On our bookshelves is a very battered copy of the green Penguin Twentieth Century Classics edition of Jean-Paul Sartre’s Nausea, translated by Robert Baldick. On the inside covers, front and back, is a letter written by someone unknown to me. A letter written to accompany the book when it was given to the woman it’s addressed to. I’ve changed the names to Anne and Joseph just in case some strange twist of fate brings to their notice the fact that I’m publishing this letter between them or if anyone out there knows them. For those reading, the dedication in this edition is To The Beaver. Other than for the names and one illegible scratching out, this is an exact transcription including the spelling mistakes.
Notice firstly who (what?) Satre dedicates this book to. ???
You once said you doubted your existence. This feeling we have shared, once I even thought myself as a figment of my own imagination thus cancelling myself out (an explanation to this is, I hope, not required here.) You ‘pinched’ me out of that dream.
This book, Well I found it interesting to say the least & I feel (if it is possible for me to do such a thing) that the less said the better.
If you do read this book I have found it more effective in situations of unknown
crowd company. for example a bus or train.
(see back cover)
I’m not telling you to read this book, that would be un-existential, giving you this book is un-existential …..
Perhaps you could relate some of Monsieur Roquentin’s experience to Meg’s ???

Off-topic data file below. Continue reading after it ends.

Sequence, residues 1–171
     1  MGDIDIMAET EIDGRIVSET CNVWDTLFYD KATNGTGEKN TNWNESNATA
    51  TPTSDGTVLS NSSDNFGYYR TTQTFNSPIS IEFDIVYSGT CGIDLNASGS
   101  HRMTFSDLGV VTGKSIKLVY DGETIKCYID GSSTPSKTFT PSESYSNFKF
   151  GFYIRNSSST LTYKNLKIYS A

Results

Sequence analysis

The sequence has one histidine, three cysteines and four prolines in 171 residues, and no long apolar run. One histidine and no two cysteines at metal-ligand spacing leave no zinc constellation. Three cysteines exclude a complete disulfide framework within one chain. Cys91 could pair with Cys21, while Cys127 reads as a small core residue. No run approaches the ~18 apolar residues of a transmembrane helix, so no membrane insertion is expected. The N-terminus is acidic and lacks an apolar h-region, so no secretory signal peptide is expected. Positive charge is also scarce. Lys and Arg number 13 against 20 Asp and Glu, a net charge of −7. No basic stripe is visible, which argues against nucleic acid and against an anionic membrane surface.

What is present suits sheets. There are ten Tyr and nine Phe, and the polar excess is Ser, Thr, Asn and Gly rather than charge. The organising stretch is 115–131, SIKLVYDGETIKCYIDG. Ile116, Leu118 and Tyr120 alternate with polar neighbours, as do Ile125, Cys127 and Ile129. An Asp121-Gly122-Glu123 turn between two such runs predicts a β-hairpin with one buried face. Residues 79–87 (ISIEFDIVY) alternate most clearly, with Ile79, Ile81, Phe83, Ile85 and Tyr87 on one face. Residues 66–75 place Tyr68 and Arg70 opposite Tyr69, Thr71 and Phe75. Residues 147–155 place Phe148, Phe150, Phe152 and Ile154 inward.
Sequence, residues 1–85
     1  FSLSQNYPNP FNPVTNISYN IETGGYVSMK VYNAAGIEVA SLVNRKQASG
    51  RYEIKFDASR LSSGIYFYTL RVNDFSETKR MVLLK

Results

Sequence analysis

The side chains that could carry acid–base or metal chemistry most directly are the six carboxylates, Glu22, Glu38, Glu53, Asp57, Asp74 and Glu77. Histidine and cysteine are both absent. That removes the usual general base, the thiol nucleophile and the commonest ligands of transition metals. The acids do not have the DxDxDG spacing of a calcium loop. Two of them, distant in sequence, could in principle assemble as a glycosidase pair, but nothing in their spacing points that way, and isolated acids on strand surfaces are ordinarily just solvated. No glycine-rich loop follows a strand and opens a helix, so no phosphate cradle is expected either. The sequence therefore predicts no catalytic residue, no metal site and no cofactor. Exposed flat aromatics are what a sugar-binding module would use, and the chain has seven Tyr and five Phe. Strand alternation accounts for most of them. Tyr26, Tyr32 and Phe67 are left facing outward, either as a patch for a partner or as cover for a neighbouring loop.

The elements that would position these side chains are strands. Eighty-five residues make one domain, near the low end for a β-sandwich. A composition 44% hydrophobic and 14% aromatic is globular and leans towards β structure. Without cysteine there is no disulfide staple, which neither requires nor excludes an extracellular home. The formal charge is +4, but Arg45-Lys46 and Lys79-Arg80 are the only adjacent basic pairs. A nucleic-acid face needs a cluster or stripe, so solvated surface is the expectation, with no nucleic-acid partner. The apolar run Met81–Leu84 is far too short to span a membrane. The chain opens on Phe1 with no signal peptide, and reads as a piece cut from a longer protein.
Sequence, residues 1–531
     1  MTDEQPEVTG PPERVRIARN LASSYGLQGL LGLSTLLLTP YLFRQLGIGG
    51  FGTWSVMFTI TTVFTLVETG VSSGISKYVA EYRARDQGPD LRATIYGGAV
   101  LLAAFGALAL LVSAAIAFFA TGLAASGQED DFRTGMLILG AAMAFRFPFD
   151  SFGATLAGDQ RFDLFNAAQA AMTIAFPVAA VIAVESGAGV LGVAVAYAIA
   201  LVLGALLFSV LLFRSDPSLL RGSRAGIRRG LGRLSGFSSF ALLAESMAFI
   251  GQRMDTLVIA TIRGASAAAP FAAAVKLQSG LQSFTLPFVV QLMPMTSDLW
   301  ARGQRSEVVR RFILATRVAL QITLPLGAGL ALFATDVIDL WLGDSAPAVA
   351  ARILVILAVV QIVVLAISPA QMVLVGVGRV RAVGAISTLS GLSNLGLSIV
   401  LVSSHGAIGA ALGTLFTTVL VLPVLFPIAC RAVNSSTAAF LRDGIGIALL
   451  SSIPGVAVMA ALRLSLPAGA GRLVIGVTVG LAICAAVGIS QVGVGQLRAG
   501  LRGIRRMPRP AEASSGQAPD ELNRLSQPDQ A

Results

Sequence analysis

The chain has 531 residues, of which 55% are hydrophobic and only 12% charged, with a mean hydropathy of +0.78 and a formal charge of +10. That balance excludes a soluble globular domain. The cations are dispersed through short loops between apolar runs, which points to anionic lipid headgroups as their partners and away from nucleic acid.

I sit on the wall watching people as if I am a fly. ( You also whispered something about being on the ‘EDGE’ )
Sometimes the fly will coment & be noticed, but merely as that, a fly not a living organism. Some will say a fly is not intelligent, a fly has no consciousness. What are these things?? It does not matter if we squash the fly on the wall. If I squashed a fly on the wall today and no one else knew or saw the body. Did it exist?
“Some of these days
You’ll miss me honey”
I’ve asked myself, is this the kind of letter you write when you are young (or maybe not so young) and drunk or stoned and deeply troubled with existential angst and unrequited or even requited love? A lot of it seems very, very appropriate for a novel which is all about asking if there is meaning in life. Its content curiously matches the subject of Sartre’s most important non-fiction book, his philosophical work Being and Nothingness. You might even say it got to the heart of his work, in its own words.
This letter comes with a book that has an unknown provenance. We have no idea how it ended up on our shelves. Neither of us remembers buying it and it has no price other than the printed English and New Zealand prices on the back cover. My husband works at the Lifeline Bookfair and if it had been donated there, it couldn’t have been sold. It’s in such bad condition, policy says it would have been thrown into the recycling. So perhaps he brought it home for us to read and the letter came with it, just as it once went to Anne.
So somehow this letter has fallen into our lives as a random piece of writing about being and nothingness, love and despair and loneliness, something that is unexpectedly poetic in places. I’m putting it out there because it moved me, because it is such a strange happenstance that we should find and read something so personal in such a place, and because it seems to have been written from the heart. It’s a small prose poem by an unknown writer touching on things most fundamental to many of us.9